I don’t enjoy this second box set as much as the first, since it is so unChristmassey, but it has some really interesting songs on it.

[READ: December 13, 2014] Bolaño: A Biography in Conversations

I don’t often read biographies about authors I like, but once in a while one will catch my eye.  I knew Maristain’s name from Bolaño’s last published interview, so I was curious what she would do with this collection.  It was translated by Kit Maude, and I am also curious about some of the words that Maude chose to use (the word savage/savages comes up an awful lot when not referring to The Savage Detectives).  But overall it was an easy, quick read.

As the subtitle suggests, Maristain has compiled a loose biography of Bolaño based on interviews with others.  Some are interviews that she has conducted and others are previously existing interviews that she has cobbled together.  The people interviewed are primarily his family and his fellow poets/novelists/friends.

Bolaño was born April 28 1953 in Santiago de Chile.  Soon after, they moved to Valparaiso, and then other smaller towns in Chile. In 1968 they moved to the Mexico City because of his mother’s asthma (although he never set foot in Sonora, the scene of the crimes in 2666). They lived close to the Olympic park and were within walking distance of the Olympic torch during the 1968 Olympics.

He had a difficult upbringing, with his parents splitting up and his mother moving out and taking his sister with her.  Roberto, meanwhile, stayed with his father.  They eventually had a falling out and Roberto went twenty years without seeing him.  His father was a boxer and an opinionated man, and there are lots of quotes from him in the book.

In 1977 Bolaño left Mexico for Spain (and never went back) and that’s when we start getting into his publishing history. (more…)

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univSOUNDTRACK: BECK-Mutations (1998).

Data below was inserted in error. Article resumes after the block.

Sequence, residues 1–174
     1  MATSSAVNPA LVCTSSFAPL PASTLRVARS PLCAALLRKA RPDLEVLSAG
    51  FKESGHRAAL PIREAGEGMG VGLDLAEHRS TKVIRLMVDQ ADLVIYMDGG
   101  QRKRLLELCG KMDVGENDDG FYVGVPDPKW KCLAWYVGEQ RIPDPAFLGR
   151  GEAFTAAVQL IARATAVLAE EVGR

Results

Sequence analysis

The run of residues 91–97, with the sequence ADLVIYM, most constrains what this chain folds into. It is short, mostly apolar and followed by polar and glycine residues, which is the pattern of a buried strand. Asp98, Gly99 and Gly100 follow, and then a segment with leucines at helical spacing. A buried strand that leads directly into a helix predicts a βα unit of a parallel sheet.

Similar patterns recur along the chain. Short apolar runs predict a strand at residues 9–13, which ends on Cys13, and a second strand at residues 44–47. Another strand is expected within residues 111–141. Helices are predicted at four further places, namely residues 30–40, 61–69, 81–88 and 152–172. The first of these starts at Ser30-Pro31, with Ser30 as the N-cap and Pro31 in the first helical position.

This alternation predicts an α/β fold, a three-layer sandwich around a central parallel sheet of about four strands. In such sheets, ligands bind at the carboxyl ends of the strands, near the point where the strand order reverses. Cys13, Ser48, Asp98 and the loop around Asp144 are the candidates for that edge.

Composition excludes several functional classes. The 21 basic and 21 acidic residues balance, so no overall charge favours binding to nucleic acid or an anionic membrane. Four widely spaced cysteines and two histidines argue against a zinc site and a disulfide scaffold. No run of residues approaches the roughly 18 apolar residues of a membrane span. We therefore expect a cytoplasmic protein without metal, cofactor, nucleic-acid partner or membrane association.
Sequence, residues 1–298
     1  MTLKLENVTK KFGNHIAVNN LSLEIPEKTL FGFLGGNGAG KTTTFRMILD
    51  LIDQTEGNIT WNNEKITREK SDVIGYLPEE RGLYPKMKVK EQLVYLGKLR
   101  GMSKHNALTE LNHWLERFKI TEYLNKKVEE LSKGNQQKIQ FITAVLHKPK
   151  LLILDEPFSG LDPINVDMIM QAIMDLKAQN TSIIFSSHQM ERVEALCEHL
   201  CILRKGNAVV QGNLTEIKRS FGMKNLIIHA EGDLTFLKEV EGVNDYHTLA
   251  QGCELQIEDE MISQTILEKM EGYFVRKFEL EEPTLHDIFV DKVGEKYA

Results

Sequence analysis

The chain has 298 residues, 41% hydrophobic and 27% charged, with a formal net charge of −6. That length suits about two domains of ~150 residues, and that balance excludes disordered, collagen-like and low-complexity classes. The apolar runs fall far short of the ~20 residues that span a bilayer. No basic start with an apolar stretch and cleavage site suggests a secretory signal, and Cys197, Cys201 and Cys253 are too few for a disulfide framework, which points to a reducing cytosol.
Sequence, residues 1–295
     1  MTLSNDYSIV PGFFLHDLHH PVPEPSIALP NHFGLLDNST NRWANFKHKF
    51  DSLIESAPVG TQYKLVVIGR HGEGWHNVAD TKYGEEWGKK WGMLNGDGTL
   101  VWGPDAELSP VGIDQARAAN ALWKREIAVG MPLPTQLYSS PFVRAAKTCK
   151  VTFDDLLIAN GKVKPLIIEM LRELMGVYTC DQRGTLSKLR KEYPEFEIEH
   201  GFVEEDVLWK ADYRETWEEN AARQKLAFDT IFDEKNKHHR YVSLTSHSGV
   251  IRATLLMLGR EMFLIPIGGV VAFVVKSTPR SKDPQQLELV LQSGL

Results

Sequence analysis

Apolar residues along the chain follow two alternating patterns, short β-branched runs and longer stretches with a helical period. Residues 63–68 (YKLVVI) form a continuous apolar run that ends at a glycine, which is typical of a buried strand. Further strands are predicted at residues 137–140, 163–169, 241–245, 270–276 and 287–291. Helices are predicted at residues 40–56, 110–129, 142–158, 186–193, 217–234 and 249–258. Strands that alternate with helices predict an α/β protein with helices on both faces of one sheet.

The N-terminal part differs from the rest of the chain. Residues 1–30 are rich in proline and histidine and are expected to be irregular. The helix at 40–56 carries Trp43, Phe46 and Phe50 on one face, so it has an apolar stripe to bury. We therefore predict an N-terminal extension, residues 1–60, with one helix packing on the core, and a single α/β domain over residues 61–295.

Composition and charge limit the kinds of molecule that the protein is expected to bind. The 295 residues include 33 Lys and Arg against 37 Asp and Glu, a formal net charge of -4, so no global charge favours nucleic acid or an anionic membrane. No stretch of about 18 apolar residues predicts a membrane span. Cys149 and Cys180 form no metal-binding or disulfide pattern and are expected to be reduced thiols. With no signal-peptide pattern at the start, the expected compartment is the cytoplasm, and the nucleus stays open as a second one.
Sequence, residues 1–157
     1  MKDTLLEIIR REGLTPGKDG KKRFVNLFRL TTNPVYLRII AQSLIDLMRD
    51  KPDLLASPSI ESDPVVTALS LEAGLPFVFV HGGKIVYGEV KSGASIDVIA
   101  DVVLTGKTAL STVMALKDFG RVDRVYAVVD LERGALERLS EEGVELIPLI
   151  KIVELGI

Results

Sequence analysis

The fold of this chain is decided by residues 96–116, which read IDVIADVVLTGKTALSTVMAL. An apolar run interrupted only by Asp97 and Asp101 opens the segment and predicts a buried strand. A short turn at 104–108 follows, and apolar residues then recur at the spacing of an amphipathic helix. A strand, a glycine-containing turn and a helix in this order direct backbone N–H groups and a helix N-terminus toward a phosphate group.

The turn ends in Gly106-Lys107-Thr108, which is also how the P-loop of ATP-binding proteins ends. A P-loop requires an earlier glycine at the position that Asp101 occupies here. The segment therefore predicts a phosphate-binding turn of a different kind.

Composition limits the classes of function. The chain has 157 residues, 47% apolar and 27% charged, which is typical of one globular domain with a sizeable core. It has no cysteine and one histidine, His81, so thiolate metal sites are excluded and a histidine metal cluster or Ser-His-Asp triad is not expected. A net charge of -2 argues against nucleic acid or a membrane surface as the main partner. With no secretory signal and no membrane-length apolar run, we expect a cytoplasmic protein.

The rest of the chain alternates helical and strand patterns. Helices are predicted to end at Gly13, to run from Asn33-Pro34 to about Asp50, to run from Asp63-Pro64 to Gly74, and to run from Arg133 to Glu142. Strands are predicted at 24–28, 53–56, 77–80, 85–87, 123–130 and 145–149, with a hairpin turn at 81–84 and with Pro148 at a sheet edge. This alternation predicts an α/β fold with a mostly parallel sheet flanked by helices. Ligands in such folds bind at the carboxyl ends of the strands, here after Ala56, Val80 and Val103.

mutationsThis is the first album that shows a wholly different side to Beck. It is pretty much an entirely traditional album.  There’s no samples, just consistently strong songwriting.  The overall feel is mellow and it comes as quite a shock after the chaos of Odelay!

Although the album has a very consistent vibe, it’s not all samey.  There’s a lot of different instrumentation like the harpsichord on “Lazy Flies,” and the old-timey piano and slide guitar on “Canceled Check” which has a very country feel.  It’s not all simple and normal though, as “Check” ends with a strange musical breakdown that keeps it from being a smooth song.  “We Live Again” is a very mellow track with Beck singing sweetly over the waves of music.

As befits the name “Tropicalia” has a very tropical feel, it’s totally danceable and was a very wise choice as a sample.  “Dead Melodies” has a classical music feel (with vocals of course).  “Bottle of Blues” is, unsurprisingly, a somewhat rowdy blues song.  “O Maria” is a slow but upbeat piano song that also feels old timey.  “Sing It Again” has a melody that is similar to “Norwegian Wood,” but the song is nothing like that Beatles classic.  This is gently sung and played acoustic guitar number.  And “Static” is a quiet disc ender.

This disc also feature a “bonus” track, and this is the first one that is actually enjoyable.  It is a fleshed out song (and a good one at that). It is comparatively rambunctious and noisy and quite different from anything else on the disc.  It’s called “Diamond Bollocks” and has a great bass line and cool backing vocals.  This song could easily have been a hit if it weren’t tucked away at the end of the disc.  (Well, and there are some weird moments to, but overall, easily a hit).